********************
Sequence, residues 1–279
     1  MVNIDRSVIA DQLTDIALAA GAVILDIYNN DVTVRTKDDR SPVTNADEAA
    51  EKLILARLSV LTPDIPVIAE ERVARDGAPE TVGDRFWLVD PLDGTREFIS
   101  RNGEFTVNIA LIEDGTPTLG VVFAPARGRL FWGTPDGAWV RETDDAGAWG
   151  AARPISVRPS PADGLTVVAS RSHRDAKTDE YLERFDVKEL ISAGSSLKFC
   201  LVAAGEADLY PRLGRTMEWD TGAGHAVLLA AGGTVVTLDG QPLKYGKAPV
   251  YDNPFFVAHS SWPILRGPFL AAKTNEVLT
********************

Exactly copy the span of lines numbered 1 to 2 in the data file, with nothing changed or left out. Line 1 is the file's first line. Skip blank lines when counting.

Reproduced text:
Sequence, residues 1–279
     1  MVNIDRSVIA DQLTDIALAA GAVILDIYNN DVTVRTKDDR SPVTNADEAA